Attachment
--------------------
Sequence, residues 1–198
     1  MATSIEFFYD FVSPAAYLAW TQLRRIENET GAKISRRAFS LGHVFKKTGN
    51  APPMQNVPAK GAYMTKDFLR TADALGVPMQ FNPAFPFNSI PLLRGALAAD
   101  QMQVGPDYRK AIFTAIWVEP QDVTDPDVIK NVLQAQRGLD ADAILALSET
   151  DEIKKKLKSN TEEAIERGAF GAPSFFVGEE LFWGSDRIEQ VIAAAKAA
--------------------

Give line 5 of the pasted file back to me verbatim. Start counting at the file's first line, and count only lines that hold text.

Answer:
   151  DEIKKKLKSN TEEAIERGAF GAPSFFVGEE LFWGSDRIEQ VIAAAKAA